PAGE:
Jonah Lomu: ‘Nothing’s impossible’

Former All Blacks winger Jonah Lomu is involved in a new adidas marketing campaign entitled, ‘Impossible is Nothing’ – a promotion that might well have been set up by his sponsors specifically with their star client in mind.

For someone that last played a Test match at the end of 2002, Lomu remains an instantly-recognisable sportsman and a man with one helluva story to tell.

“The campaign is all about athletes telling their story about finding themselves at a cross-road and having to make a decision,” said Lomu to this website. “Mine was about my transplant… and whether I could play again… ”

Having battled a rare kidney disorder for some time, but yet still producing some freakish performances – most notably at the 1995 and 1999 World Cups, blockbusting winger Lomu found himself battling to save more than his rugby career in 2003, after being put on dialysis three times a week, before being forced to undergo a kidney transplant the following year.

Whilst lesser beings would have forgotten about a possible return to rugby, Auckland-born Lomu has had just one thing on his mind since undergoing that kidney transplant in July 2004.

“I won’t forget the day the doctors told me I could never play again,” he remembered. “[But] It’s been a long process for me… At one stage I wasn’t strong enough to walk, I mean, I’m not meant to be playing.”

Lomu made his return to rugby in June 2005, in a North v South invitational match at Twickenham, before signing a contract with North Harbour in the NPC and then enjoying a stint with Cardiff Blues in Wales. He eventually made his NPC return last year, but this season missed out on a Super 14 place, effectively ruling him out of contention for the All Blacks’ World Cup squad.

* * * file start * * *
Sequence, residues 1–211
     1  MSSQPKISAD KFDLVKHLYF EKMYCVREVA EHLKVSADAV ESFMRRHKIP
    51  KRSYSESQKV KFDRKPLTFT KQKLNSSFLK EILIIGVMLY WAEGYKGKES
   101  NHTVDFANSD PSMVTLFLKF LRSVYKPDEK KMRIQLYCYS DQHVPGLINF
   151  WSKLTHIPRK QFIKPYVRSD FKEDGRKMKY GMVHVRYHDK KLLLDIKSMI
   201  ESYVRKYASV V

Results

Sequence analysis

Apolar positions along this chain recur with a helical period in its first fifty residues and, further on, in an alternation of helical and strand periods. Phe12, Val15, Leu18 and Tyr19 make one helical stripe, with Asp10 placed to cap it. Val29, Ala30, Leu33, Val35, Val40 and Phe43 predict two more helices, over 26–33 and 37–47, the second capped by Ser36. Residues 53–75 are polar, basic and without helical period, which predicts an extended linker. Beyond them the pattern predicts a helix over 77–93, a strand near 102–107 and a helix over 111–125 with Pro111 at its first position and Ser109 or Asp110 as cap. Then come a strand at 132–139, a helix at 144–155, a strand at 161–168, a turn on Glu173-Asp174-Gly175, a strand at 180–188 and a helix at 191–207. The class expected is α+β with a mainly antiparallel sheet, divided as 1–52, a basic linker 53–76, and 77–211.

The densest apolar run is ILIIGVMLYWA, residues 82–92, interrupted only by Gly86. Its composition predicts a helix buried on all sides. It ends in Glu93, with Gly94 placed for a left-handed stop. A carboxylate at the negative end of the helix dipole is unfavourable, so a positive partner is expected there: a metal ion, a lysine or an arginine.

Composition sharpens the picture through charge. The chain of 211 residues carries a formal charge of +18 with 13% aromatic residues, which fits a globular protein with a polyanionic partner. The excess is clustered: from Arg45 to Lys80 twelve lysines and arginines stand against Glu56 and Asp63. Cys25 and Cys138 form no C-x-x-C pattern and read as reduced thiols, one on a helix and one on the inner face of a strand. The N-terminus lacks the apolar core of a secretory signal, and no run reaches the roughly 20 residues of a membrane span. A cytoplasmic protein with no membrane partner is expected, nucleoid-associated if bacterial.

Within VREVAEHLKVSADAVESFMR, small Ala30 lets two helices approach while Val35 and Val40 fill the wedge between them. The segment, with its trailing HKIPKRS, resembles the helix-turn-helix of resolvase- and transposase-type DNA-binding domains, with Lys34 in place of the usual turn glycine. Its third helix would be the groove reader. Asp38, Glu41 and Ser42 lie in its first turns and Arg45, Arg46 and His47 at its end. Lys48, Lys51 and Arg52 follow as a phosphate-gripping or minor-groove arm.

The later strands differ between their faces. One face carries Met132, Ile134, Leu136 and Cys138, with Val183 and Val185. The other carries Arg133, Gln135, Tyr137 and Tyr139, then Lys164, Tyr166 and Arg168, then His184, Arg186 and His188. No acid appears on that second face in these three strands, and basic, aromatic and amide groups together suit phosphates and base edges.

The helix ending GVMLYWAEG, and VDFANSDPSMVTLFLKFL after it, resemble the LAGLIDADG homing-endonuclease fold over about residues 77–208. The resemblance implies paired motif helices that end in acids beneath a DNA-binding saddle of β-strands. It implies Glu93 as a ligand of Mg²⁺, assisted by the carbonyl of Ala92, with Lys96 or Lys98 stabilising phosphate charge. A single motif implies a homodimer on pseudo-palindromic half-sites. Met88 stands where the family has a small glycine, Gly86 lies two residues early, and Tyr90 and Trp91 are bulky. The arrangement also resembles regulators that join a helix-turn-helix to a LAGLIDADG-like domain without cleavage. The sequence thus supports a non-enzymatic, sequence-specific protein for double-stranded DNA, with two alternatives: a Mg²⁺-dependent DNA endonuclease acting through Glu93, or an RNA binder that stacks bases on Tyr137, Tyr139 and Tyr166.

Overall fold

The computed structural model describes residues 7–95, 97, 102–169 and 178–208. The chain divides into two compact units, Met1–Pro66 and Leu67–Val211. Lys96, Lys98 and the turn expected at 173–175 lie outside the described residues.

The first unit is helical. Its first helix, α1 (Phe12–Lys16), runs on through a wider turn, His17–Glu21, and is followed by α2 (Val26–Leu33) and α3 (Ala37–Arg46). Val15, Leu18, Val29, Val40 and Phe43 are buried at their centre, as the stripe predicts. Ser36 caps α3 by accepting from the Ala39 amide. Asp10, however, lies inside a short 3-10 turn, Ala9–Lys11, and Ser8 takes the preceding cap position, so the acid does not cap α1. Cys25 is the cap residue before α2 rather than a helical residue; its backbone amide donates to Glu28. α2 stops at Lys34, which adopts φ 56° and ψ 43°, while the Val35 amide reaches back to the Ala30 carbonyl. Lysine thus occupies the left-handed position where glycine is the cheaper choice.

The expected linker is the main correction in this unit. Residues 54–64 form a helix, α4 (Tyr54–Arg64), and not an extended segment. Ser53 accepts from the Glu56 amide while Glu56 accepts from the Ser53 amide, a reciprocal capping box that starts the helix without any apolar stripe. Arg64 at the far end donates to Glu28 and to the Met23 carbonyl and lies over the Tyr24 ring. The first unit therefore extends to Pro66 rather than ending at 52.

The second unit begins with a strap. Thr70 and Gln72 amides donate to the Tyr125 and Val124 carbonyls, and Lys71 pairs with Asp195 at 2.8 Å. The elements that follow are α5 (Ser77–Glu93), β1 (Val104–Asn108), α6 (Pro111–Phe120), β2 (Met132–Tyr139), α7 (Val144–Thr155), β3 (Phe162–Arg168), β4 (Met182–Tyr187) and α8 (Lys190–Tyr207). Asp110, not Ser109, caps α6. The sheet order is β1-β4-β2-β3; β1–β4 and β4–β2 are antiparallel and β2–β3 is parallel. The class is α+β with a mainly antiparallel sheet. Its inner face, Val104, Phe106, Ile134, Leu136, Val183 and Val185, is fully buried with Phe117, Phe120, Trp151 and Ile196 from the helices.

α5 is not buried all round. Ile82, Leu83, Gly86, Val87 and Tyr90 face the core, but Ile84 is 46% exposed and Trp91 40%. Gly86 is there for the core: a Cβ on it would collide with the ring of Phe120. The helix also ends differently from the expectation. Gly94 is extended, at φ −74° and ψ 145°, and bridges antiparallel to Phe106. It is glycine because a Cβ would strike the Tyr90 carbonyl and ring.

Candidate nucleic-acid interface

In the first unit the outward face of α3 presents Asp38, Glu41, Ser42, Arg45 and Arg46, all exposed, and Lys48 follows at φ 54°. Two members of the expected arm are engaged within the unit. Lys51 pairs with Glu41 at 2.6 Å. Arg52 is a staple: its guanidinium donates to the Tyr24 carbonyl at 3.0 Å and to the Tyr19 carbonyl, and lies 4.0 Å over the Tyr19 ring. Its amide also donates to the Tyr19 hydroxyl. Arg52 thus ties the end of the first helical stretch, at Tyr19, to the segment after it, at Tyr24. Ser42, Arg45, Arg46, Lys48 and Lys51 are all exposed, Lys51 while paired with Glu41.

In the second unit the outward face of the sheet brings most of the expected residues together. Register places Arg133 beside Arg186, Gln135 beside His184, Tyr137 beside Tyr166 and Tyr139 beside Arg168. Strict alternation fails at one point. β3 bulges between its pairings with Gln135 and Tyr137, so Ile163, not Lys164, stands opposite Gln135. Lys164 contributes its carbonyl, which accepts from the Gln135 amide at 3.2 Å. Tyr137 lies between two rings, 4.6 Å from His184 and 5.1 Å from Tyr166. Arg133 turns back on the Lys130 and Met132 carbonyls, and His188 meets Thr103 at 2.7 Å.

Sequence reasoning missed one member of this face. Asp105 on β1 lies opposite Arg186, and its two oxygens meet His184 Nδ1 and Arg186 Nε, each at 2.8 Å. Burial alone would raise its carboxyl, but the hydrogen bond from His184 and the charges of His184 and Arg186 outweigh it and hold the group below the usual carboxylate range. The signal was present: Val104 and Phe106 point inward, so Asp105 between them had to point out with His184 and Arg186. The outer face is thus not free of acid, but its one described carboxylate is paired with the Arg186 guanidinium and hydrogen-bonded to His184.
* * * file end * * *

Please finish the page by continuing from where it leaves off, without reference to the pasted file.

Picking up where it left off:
“Getting a new contract or playing anywhere are the furtherest things from my mind at the moment,” admitted Lomu, the leading try-scorer in RWC history. “My wife looks after my contracts, I’ll leave that to her; I just want to get fit again and get my body right for the rigours of top-level rugby.”

Of course, with Lomu having achieved all that he has since his Test debut back in 1994, some have questioned just why he would risk his health, and long-term future, to possibly make a return to the game.

The 63-Test veteran, however, has a simple explanation: “I just love the game so, so much, it’s what I love doing. People often ask me what I miss the most about rugby… For me it’s the actual playing, being out there and having lumps knocked out of me!”

He added: “I’ve been very lucky to have seen and experienced; for example, who would’ve guessed that a youngster from south Auckland would’ve gone to South Africa in 1995 to play in the World Cup and the World Cup Final at that. I’ve met so many people, travelled across the world and experienced so many different cultures. I’ve been very fortunate indeed; it’s been quite a ride.”

Travels and friendships aside, the 31-year-old star also considers himself very privileged to have been an All Black – something that he will cherish forever.

“Once you’ve been an All Black you’re always an All Black,” he declared.

“Although I’m not part of the team at the moment, I’m in touch with plenty of the boys and I still kind of feel part of it.”

As a senior All Black, Lomu, too, realises the need to put something back into the game one day, although he is not sure at what level.

“I’m not sure if I could ever become a coach or something like that,” he said, “but I’d like to think I’ve passed out some knowledge and experience to some of the younger guys I’ve played with over the years, as you do when you play.

“You can always learn something new in this game, even a so-called ‘old hand’ like me, but this game just keeps on evolving. Look at the new scrum laws, now, for instance; it even things out quite a bit. It might be a bit messy at the moment, especially wi

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